Diwali or Deepawali is the festival of lights and lamps. Every year, it is celebrated with great pomp and show not only in India but in the world as well where ever there are Indian communities living together under a single roof or a colony.
As per the nomenclature, Diwali or Deepawali means an array of brilliantly burning earthen oil lamps whose luminescence dissipates the darkness of the night. Diwali falls on the full moon night (Amavasya) of the month of Kartik (October-November).
Scriptural evidences for Diwali
As per the ancient Vedic scriptures like Ramayana, the celebration of Diwali marks the return of Lord Ramchandra, the supreme personality of godhead back to Ayodhya Dham with her eternal consort Srimati Sita devi after an exile of 14 years.
As per the Lord’ divine past time, his step mother Kaikayi asked his father Maharaja Dashratha to coronate her son Bharat as the next heir and send Ramchandra for an exile of 14 years.
As per Srimad Bhagwatam (9.10.32-51)
SB 9.10.32— After giving Vibhīṣaṇa the power to rule the Rākṣasa population of Laṅkā for the duration of one kalpa, Lord Rāmacandra, the Supreme Personality of Godhead [Bhagavān], placed Sītādevī on an airplane decorated with flowers and then got on the plane Himself. The period for His living in the forest having ended, the Lord returned to Ayodhyā, accompanied by Hanumān, Sugrīva and His brother Lakṣmaṇa.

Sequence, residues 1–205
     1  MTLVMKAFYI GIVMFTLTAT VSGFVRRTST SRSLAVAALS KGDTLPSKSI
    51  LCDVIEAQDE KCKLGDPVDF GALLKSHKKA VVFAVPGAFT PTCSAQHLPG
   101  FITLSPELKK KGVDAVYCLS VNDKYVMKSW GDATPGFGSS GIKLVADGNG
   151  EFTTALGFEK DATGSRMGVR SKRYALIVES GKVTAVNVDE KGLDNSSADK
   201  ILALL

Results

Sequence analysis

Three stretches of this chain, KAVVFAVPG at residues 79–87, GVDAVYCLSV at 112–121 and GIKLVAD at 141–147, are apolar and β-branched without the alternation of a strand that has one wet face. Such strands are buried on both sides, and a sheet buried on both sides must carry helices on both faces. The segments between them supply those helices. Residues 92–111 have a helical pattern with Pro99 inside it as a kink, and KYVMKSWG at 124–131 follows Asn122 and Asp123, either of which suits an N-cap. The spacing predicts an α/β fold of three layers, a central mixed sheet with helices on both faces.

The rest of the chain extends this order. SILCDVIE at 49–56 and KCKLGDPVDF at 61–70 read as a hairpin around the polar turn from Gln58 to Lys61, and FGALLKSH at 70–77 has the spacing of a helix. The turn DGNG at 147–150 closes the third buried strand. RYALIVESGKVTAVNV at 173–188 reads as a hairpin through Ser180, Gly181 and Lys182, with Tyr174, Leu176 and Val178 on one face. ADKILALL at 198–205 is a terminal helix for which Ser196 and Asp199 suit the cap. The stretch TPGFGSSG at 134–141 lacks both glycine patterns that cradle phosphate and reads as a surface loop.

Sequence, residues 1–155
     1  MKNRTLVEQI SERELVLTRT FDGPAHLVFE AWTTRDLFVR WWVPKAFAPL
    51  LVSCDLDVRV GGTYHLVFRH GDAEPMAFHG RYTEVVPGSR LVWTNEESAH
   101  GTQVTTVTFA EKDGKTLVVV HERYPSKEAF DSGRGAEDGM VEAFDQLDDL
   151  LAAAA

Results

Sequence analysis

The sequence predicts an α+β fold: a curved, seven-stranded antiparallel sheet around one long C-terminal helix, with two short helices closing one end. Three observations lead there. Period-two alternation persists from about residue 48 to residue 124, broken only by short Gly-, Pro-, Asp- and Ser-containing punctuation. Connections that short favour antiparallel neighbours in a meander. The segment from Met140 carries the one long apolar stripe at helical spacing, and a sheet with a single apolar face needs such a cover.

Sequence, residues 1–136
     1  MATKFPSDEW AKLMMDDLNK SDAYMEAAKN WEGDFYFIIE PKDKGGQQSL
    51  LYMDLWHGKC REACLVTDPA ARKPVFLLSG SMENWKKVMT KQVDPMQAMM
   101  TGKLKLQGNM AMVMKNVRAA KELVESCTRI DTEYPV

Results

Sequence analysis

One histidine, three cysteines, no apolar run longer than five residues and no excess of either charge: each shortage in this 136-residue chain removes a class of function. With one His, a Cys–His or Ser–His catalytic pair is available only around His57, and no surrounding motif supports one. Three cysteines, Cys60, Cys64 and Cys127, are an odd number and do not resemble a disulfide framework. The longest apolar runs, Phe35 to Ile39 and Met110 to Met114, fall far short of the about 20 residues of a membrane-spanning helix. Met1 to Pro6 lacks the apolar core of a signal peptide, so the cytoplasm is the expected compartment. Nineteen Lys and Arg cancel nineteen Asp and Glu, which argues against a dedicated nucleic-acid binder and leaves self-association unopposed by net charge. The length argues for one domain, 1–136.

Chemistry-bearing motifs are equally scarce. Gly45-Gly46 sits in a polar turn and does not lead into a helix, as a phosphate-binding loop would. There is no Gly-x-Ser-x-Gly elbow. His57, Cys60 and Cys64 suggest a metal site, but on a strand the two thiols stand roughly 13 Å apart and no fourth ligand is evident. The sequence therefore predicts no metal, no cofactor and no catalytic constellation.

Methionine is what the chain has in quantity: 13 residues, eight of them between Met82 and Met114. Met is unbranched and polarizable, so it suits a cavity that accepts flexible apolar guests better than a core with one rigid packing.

SB 9.10.33— When Lord Rāmacandra returned to His capital, Ayodhyā, He was greeted on the road by the princely order, who showered His body with beautiful, fragrant flowers, while great personalities like Lord Brahmā and other demigods glorified the activities of the Lord in great jubilation.
SB 9.10.34— Upon reaching Ayodhyā, Lord Rāmacandra heard that in His absence His brother Bharata was eating barley cooked in the urine of a cow, covering His body with the bark of trees, wearing matted locks of hair, and lying on a mattress of kuśa. The most merciful Lord very much lamented this.
SB 9.10.35-38— When Lord Bharata understood that Lord Rāmacandra was returning to the capital, Ayodhyā, He immediately took upon His own head Lord Rāmacandra’s wooden shoes and came out from His camp at Nandigrāma. Lord Bharata was accompanied by ministers, priests and other respectable citizens, by professional musicians vibrating pleasing musical sounds, and by learned brāhmaṇas loudly chanting Vedic hymns. Following in the procession were chariots drawn by beautiful horses with harnesses of golden rope. These chariots were decorated by flags with golden embroidery and by other flags of various sizes and patterns. There were soldiers bedecked with golden armor, servants bearing betel nut, and many well-known and beautiful prostitutes. Many servants followed on foot, bearing an umbrella, whisks, different grades of precious jewels, and other paraphernalia befitting a royal reception. Accompanied in this way, Lord Bharata, His heart softened in ecstasy and His eyes full of tears, approached Lord Rāmacandra and fell at His lotus feet with great ecstatic love.